HomeAbout Me

Beef Up Your Routing with React Location

By Dan Orlando
Published in React
March 03, 2022
7 min read

What is React Location?

React Location is a powerful new routing library that is battle-tested for enterprise level React applications. Released in November of 2021, it is made by Tanner Linsley of TanStack. I was really impressed by his work with react-query so I sort of jumped at the chance to use this new library in a rewrite of an existing admin portal that I just started. In this article I’ll first talk about why you might consider switching to react-location, then I’ll show you how to implement it in an existing react application that uses react-router. We’ll also take a look at using it together with React Query.

Why Switch to React Location?

The main reason for switching to React Location is simply that you get powerful, out-of-the-box features that normally require multiple dependencies. Some of these features include:

- Route Loaders, Pending and Error States

With React Location, you can define a route loader for fetching data as soon as there is a route match, then specify what to show for both pending and error states in the same place as the route is defined, effectively keeping all of that out of the component. This is easily one of my favorite features because it removes a lot of boilerplate and keeps your components tidier.

- Includes an API for Handling Search Params and Filters

React Location allows you the opportunity to hold application state in the URL. The admin dashboard I am currently working on includes a users table with components for filter and sort. When I’m done, there will be enough filter functions that an administrator can easily spend some time refining a search. An administrator will then often refer back to it, sometimes several times in a day. It is therefore extremely valuable to be able to get back to that state without having to enter those values each time. With react-location’s built-in query param API, user’s can bookmark or save the link for later use.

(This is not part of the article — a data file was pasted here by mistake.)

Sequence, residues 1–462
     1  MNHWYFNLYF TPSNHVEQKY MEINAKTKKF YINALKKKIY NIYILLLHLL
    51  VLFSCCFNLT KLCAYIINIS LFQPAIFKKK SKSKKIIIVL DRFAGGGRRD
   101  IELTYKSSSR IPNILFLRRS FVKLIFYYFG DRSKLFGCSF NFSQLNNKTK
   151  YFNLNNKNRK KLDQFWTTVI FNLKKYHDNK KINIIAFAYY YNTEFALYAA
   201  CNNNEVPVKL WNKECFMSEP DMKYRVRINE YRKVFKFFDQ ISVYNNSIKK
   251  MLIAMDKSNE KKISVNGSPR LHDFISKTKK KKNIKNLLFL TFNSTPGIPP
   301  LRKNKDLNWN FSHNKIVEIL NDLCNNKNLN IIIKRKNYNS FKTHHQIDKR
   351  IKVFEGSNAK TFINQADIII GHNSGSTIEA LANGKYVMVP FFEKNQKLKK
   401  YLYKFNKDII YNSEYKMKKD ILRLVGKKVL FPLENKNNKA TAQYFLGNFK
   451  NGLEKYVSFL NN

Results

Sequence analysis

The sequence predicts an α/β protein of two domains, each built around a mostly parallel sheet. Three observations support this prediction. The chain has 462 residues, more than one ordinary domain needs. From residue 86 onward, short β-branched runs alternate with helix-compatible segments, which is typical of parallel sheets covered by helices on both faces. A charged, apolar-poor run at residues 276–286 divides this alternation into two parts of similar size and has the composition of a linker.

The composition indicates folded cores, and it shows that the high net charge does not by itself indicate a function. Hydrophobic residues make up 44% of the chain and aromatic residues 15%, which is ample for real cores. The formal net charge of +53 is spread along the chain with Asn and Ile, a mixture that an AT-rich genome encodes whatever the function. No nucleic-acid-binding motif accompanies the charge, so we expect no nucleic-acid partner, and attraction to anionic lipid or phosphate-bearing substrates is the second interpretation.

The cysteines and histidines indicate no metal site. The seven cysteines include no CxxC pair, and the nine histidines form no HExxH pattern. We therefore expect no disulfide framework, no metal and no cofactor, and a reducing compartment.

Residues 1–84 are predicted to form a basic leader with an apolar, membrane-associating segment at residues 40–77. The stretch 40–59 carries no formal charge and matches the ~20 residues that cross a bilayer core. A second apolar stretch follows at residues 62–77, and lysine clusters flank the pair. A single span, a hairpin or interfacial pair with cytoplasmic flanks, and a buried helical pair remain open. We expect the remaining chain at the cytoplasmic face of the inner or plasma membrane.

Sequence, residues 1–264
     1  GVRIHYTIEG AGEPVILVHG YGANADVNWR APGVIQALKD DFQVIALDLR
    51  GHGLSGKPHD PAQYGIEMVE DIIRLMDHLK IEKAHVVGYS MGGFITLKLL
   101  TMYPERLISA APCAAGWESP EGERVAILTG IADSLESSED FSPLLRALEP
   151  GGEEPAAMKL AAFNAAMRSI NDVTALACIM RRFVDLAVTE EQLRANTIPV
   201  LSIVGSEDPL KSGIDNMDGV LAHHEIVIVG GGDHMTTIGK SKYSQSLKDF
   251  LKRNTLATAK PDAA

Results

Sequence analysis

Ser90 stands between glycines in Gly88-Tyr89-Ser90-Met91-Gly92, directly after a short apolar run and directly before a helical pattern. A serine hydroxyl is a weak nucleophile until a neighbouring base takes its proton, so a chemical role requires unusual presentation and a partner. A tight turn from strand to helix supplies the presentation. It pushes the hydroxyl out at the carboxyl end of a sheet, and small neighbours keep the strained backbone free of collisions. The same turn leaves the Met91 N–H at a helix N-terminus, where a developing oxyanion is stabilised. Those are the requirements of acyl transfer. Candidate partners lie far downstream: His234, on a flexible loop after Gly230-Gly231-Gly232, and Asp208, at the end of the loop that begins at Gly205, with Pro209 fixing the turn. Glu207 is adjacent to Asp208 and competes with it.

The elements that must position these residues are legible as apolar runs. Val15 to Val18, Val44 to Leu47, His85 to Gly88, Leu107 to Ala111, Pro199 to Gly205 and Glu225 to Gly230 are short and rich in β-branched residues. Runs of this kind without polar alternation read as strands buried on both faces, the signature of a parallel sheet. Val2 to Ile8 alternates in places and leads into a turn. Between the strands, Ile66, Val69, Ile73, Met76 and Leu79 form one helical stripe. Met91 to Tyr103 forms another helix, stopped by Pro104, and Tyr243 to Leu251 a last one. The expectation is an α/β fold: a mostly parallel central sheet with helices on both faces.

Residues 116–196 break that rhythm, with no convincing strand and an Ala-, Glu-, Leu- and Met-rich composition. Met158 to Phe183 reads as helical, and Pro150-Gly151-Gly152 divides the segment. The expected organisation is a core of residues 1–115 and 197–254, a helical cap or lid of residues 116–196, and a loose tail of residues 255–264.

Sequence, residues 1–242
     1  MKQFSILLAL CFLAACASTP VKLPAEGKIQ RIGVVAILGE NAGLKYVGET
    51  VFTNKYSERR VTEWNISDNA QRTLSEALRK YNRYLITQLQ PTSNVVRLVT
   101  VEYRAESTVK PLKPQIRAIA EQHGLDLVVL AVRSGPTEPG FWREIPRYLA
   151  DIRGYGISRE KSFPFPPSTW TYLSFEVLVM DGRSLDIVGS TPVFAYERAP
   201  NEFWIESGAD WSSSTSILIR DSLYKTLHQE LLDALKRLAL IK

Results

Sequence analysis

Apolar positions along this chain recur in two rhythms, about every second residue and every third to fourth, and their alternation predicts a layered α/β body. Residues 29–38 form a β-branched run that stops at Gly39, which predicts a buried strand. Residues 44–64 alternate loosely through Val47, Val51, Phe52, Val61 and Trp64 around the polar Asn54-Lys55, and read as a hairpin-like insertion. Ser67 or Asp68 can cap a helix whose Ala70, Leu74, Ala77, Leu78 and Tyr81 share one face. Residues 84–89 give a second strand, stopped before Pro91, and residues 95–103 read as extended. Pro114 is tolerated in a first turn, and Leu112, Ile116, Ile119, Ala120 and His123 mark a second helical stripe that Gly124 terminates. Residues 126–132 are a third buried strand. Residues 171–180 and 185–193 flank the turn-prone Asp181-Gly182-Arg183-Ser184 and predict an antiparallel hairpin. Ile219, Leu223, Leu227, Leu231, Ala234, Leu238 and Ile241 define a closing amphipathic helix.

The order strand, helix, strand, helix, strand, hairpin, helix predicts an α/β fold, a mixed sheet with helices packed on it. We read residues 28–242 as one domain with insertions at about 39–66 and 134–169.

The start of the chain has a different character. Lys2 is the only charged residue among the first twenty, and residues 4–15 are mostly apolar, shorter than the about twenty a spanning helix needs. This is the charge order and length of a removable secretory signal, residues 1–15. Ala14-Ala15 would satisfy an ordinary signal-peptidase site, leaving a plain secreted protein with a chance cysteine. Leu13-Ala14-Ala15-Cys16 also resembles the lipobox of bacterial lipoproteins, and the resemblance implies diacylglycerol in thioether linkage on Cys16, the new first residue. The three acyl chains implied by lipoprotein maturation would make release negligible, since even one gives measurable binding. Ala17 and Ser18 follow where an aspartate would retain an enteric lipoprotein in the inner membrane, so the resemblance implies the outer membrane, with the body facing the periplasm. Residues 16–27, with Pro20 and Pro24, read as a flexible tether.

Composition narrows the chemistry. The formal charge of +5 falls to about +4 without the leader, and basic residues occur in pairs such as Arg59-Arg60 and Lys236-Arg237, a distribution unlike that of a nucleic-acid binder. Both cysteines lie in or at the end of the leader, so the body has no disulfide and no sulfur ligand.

Setting a preload parameter on the Link object will preload the route’s data when the user hovers over it in anticipation of the user’s click, provided that it has a route loader in place for that route. This is really handy for data-intensive API calls or slower APIs where the route loader isn’t enough.

There are lot of other features including parallelized component-splitting and nested routing, and the ability to pretty much access anything you need from the hooks provided by React Location. We’ll cover some of these features here, and I’ll be doing a separate post that covers search state with React Location.


Replace React Router with React Location

If you’re not convinced to switch to React Location yet, you will be once you see how easy it is to work with. The first thing we need to do is add react-location to the project:

npm install react-location or yarn add react-location or, in my case, rush add -p react-location.

Once this is done, we must make some changes to the App.tsx file that wraps the routes with the BrowserRouter from react-router-dom. Let’s start by adding some imports:

import {Outlet, ReactLocation, Router, createBrowserHistory} from 'react-location';

Don’t worry, we’ll talk about what each of these imports do and how to use them shortly. If you’re using react-router-dom, you’re probably importing BrowserRouter from it, so you’re going to want to remove that. Assuming you have a separate Routes component where routes are specified, you’ll likely be importing that into the App component that is wrapped by BrowserRouter, so you’ll want to replace that import with: import getRoutes from './Routes';.